In the universe created by human dreams, an entire world can be designed and inhabited. In some cases, the obsessive nature of the dream/fantasy can become the base out of which a fiction can be made. In William Wharton’s carefully structured first novel, one is introduced to the magical mind of “Birdy,” a character whose fantasies become the stuff of his actual life. Although one only meets Birdy through the eyes of his best friend, Al—a tough Sicilian kid who, like Birdy, grows up in a working-class Philadelphia neighborhood before World War II—the long, detailed flashback sequences present enough material so that Birdy becomes as real as the memories that evoke his image.
Birdy is first met when his friend Al, a wounded soldier recently returned home at the end of the war, is called to the psychiatric ward of an army hospital. Al is asked to try and get his friend Birdy, also a veteran, to emerge from what seems to be a psychotic state of mind: an obsessive way of acting like a bird that has confounded Birdy’s psychiatrist. It appears that Birdy has retreated into a world known only to himself. Al sees Birdy clad in thin, white hospital pajamas, squatting birdlike in the middle of his cell. He does not speak to Al; in fact, he shows no sign of recognition. “The way he squats,” Al states, “you’d think maybe he just might spring up, flap his arms a few times and fly out that window he’s got his eye on.” Al senses that the only way he will be able to open any sort of communication with Birdy is by reminding him of their shared childhood memories. It is at this point in the novel that one is introduced to the mysterious mind of Birdy, one developed out of a loving fascination with all types of birds.
The long, detailed passages following the initial encounter with Birdy alternate between Al’s own memories of Birdy’s youth and equally long narratives written from Birdy’s point of view. Thus the past is reconstructed, tracing Birdy’s fascination with the flight patterns of birds from the late 1930’s when Birdy, at thirteen, first becomes entranced by pigeons, until that point in the present when Birdy’s birdlike identity results in his incarceration in the hospital.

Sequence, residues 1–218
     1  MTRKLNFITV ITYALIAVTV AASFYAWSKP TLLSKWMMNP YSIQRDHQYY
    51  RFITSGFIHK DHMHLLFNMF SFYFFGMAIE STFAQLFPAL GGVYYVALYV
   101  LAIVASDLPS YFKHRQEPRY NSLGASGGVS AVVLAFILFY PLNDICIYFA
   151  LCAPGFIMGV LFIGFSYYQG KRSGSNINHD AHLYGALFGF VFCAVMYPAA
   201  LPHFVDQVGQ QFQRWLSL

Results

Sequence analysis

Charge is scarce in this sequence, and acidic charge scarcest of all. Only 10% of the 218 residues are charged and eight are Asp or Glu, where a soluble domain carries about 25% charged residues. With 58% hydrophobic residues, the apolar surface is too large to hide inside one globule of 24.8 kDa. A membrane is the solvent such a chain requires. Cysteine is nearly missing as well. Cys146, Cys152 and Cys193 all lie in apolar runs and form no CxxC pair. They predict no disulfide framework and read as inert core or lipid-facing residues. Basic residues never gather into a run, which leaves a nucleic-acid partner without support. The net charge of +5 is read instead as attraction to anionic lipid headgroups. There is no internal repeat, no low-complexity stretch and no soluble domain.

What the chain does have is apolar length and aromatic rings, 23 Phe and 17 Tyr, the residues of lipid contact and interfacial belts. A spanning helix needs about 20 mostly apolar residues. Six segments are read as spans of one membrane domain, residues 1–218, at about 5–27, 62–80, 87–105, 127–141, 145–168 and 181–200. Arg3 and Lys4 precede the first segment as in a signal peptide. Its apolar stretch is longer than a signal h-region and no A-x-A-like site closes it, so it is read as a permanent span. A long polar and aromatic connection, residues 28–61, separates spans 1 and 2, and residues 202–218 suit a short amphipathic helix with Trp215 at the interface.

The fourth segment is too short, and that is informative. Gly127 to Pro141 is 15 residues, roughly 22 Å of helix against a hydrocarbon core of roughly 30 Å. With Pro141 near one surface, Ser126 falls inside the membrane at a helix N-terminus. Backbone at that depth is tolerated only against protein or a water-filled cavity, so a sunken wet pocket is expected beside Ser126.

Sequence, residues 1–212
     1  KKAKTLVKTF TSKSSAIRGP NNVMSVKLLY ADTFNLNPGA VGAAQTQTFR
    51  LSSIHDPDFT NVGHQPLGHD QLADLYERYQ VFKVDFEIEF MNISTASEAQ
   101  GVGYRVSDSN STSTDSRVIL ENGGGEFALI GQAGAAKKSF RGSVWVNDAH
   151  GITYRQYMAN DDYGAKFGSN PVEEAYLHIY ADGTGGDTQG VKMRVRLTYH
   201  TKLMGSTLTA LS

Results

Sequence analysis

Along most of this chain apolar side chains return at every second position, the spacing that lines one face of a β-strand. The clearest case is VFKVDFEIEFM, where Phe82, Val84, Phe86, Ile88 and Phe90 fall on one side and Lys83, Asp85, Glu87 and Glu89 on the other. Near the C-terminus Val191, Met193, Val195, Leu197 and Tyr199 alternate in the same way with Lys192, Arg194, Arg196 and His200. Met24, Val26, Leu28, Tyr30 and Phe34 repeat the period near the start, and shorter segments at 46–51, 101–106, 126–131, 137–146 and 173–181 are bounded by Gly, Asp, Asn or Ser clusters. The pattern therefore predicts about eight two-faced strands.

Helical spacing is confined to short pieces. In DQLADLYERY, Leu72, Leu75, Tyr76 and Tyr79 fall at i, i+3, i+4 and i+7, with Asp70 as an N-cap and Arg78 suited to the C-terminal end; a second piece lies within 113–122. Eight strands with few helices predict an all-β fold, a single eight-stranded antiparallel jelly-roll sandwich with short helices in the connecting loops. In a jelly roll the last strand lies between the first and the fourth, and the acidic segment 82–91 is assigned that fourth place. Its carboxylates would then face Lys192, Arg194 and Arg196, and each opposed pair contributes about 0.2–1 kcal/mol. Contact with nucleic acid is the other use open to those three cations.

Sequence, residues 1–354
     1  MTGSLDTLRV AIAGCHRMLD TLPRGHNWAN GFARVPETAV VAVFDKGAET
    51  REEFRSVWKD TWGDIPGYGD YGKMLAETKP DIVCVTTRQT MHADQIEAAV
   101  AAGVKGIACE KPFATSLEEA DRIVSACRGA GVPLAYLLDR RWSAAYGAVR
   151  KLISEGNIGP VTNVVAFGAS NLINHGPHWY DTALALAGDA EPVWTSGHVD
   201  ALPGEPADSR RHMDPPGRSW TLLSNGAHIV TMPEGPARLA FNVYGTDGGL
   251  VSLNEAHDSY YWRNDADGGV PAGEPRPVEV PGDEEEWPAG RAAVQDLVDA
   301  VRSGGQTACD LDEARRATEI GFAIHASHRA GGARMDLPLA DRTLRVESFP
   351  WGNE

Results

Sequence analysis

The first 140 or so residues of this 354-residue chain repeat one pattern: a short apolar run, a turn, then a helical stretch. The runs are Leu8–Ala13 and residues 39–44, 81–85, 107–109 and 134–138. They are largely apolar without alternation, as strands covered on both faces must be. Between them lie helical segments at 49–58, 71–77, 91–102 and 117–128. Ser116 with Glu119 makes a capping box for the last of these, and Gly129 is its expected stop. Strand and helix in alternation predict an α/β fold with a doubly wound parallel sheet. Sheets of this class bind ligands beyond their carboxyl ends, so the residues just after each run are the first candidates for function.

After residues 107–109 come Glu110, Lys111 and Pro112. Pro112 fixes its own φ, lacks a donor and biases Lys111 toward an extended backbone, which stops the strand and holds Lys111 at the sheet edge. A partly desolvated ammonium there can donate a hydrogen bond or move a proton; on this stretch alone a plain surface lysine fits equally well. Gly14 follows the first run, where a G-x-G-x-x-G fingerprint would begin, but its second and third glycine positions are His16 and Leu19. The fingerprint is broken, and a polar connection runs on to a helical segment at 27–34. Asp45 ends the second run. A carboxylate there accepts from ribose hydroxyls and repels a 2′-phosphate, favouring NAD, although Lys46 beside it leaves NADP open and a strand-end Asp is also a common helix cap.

Almost all of the novel’s action takes place in the Philadelphia neighborhood where Al and Birdy grow up. Birdy is the product of parents defeated by the circumstances of their birth and their near-poverty. Known by his parents only as a kind of strange presence inhabiting an upstairs bedroom, Birdy is unloved. Al, too, is a child of the working class, with a violent Sicilian father who works as a plumber and is given to fits of hysteria when provoked by Al. Both sets of parents ignore their sons and, quite naturally, the two boys turn to each other for the comfort and security missed at home. Birdy’s mother, “a first class bitch,” according to Al, extends her hateful feelings to anyone in the neighborhood who attempts to intrude on her privacy. She, as Al notes, has been secreting away all of the baseballs knocked into her backyard from the baseball games played in an adjacent field. While the novel’s narrative is centered around the boys’ attitudes, the reader’s attention is also drawn to the secondary characters’ influence on Al and Birdy, as both boys rebel against the constraints placed on them by their parents and the harsh atmosphere of the parochial school system.
Birdy’s maturation begins when he decides to raise canaries and learns, through the experience, that he can live a life outside of his environment. As he becomes devoted to the birds, Birdy begins to imagine the world in which his birds exist. He devises a grand fantasy about his favorite bird, Perta. He loves her softness, and, in the striking passages where he attempts to understand his feelings, he...
(The entire section is 1563 words.)